Which one are you wearing right now?

A Vacheron Overseas, stainless steel. Some collectors put watches in a vault or in a safe and admire them. I like to wear them. My problem is that I am in a kitchen! But the Overseas is very strong and can be with me in a kitchen. I also have a Vacheron Constantin Patrimony in platinum. I wore it in the kitchen and within one month I was three times at the store. In the end, I was so embarrassed. I said, “Okay, I’m not going to wear it in the kitchen! I’ll just wear it outside.” I broke the glass. I got the bracelet—crocodile—drenched and stained with sauce and oil. I even burned one bracelet once. I was working by the stove, and I don’t know what happened. Instead of burning my wrist, the watch protected me. So it was burned. And again I was embarrassed. I was like, ‘Oh my god, I cannot call them and tell them about this—they’re gonna be, ‘How can you burn a bracelet?’ I did that with my Vacheron Constantin Historiques American 1921—such a great watch.

Owning these watches—and you have more than 20—implies responsibility, stewardship. Do you ever think about this in terms of passing down your own watches?

So my son is fourteen years old. He’s definitely not getting any watch from me now! [laughs] However, when he is more mature—and if he has an interest—I will obviously share with him the knowledge and the pleasure of having watches, along with the importance of supporting the craftsmanship that goes into creating those watches. To me, it’s about preserving the know-how of those artisans. It’s not about showing off. It’s a philosophical statement: I’m helping artisans who are carrying on generation after generation of incredible craftsmanship and precision.

Speaking of artisans, I know you don’t like having tech gadgets in the kitchen. You prefer to do things by hand.

I’m a guy who likes knives and a spatula and a whisk, and that’s it. I collect knives, too. I have some beautiful knives. But it’s the same thing, whether it’s about the art of cooking, the art of making a knife, the art of making a watch: It’s about the connection we have in common among artisans.

Filming his PBS TV series Avec Eric in Korea.

Do you always buy new, or do you sometimes do vintage?

Sometimes I do vintage. And in that case, I go to Tourneau. And I know a couple of collectors who’ll find you the watch that you want if you have something specific in mind. All those ultra-experts, the amazing collectors, they have something eccentric, something very unique-slash-crazy about them, in a good way. Anyone who’s really knowledgeable about watches has something crazy about him!

Are there any particular details you look for in a watch, like favorite complications, a certain kind of dial?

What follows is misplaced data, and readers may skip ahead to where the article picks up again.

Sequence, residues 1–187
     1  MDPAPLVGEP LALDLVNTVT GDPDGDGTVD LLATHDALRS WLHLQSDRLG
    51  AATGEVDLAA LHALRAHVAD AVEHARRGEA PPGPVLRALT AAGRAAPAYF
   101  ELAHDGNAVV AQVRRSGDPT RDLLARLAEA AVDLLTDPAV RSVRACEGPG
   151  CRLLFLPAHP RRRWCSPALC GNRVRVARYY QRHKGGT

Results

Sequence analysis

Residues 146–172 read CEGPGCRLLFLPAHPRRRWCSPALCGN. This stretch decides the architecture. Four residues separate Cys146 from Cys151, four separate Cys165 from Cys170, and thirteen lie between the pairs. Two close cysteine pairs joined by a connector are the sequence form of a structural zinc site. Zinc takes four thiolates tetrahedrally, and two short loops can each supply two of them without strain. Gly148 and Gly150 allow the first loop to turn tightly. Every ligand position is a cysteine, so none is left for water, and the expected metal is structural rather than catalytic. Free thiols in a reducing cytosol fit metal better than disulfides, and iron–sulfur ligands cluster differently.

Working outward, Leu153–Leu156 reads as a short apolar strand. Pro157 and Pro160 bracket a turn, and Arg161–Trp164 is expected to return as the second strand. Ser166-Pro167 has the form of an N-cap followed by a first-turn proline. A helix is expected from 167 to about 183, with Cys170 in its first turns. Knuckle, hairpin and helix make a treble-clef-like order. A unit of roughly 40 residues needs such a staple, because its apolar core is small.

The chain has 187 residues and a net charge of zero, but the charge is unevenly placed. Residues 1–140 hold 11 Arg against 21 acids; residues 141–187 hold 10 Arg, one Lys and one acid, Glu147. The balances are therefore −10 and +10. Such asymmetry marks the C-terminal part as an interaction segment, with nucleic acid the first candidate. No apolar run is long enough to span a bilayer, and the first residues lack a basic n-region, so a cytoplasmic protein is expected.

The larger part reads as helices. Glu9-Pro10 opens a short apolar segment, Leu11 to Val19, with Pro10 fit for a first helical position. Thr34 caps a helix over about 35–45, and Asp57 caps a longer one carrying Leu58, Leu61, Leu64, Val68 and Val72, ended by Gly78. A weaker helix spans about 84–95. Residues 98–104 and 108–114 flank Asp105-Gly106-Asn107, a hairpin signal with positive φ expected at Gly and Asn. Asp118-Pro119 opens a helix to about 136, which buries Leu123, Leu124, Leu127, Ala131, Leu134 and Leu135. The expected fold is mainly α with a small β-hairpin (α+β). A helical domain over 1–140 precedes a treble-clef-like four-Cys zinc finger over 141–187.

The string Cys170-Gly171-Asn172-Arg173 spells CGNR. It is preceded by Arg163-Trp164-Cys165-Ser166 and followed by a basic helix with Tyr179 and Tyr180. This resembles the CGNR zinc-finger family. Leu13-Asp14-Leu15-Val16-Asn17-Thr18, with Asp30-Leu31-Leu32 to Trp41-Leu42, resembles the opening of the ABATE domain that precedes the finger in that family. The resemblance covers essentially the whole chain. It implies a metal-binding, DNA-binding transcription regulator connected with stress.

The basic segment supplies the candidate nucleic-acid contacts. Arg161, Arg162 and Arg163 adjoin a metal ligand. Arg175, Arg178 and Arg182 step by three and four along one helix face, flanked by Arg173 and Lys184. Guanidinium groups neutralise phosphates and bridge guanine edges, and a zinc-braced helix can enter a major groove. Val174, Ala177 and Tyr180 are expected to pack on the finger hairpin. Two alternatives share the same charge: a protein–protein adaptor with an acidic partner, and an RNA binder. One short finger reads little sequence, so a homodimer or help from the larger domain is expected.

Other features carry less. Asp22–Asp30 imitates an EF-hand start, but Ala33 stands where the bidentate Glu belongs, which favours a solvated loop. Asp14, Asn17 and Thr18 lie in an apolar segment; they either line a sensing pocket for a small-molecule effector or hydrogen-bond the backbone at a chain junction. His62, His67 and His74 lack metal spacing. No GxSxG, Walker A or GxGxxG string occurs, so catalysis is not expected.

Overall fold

I like to know what is inside the watch, what nobody sees. I always look inside. They open the watch for me, and I look at all the pieces. They are all engraved with a different design. And that, for me, it’s like, “Wow.” Those pieces are so tiny and the precision is crazy. Not even a computer does that. It’s man-made.

And I’d guess you’ve bought watches for people in your life.

Yes, of course. For my wife, Sandra, mostly. She likes a lot of the designs that Cartier does. She has five or six watches she wears regularly. She has also an old Hublot, from about thirty years ago. The kind with a rubber bracelet. I got her that one. It’s so simple and gorgeous.

I like when I see you and you’ve got your prayer beads on one wrist and a Vacheron Overseas on the other. It seems like a healthy, elegant yin and yang, to mix religious metaphors.

At the end of the day, I think it represents part of my personality, right? It is what it is. Watches—they represent us, in a way. They are part of who we are.

 

Surface, Grand Seiko, and Nobu Matsuhisa Celebrate the October Travel Issue

On Thursday, Oct. 26, Surface Media celebrated this month’s Travel Issue with famed chef and restaurateur Nobu Matsuhisa and Japanese watch brand Grand Seiko. The exclusive dinner party of 60 guests was hosted at Nobu Malibu in the exterior lounge overlooking the ocean, where guests enjoyed a sunset cocktail hour followed by a nine-course dinner of Nobu specialties. Joining Matsuhisa, Surface editor-in-chief Spencer Bailey, Watch Journal editor-in-chief Stephen Watson, and Grand Seiko Chairman Akio Naito were joined by Gregg and Madson Buchbinder, Brandi Garnett, Alex Israel, Annalynne McCord, and Sudhin Shahani.

MALIBU, CA – OCTOBER 26: Chef Nobu Matsuhisa attends Surface Magazine Presents The 2017 Travel Issue: Celebratory Dinner with Nobu Matsuhisa at Nobu Malibu on October 26, 2017 in Malibu, California. (Photo by Rich Fury/Getty Images for Surface Media)

The dinner honored Matsuhisa’s cover feature in the issue and commenced with a toast from Bailey. “Nobu is the first chef we’ve ever featured on the cover of Surface in its 24-year history,” he said, “[He] thinks very much like a designer in so many ways. Quality is at the heart of what he does and is at the heart of what we do at Surface, so featuring Nobu on the cover was a very natural fit.” Turning to Naito, Bailey continued, “Grand Seiko is a company that also appreciates quality, design, and craftsmanship. The way in which they incorporate Japanese culture into their watches—it’s that global perspective that is very aligned with what Surface values.”

Read the feature story on Nobu here, and get to know the cover star a little better here, and read more about Grand Seiko here.

Special thanks to Grand Seiko.

MALIBU, CA – OCTOBER 26: Chef Nobu Matsuhisa (L) and Surface Magazine CEO Marc Lotenberg attend Surface Magazine Presents The 2017 Travel Issue: Celebratory Dinner with Nobu Matsuhisa at Nobu Malibu on October 26, 2017, in Malibu, California. (Photo by Rich Fury/Getty Images for Surface Media)
MALIBU, CA – OCTOBER 26: Watches are displayed at Surface Magazine Presents The 2017 Travel Issue: Celebratory Dinner with Nobu Matsuhisa at Nobu Malibu on October 26, 2017, in Malibu, California. (Photo by Rich Fury/Getty Images for Surface Media)
MALIBU, CA – OCTOBER 26: (L-R) Lisa Harris, Chef Nobu Matsuhisa, Bella Harris and Max Harris attend Surface Magazine Presents The 2017 Travel Issue: Celebratory Dinner with Nobu Matsuhisa at Nobu Malibu on October 26, 2017, in Malibu, California. (Photo by Rich Fury/Getty Images for Surface Media)
MALIBU, CA – OCTOBER 26: A general view of the atmosphere at Surface Magazine Presents The 2017 Travel Issue: Celebratory Dinner with Nobu Matsuhisa at Nobu Malibu on October 26, 2017, in Malibu, California. (Photo by Rich Fury/Getty Images for Surface Media)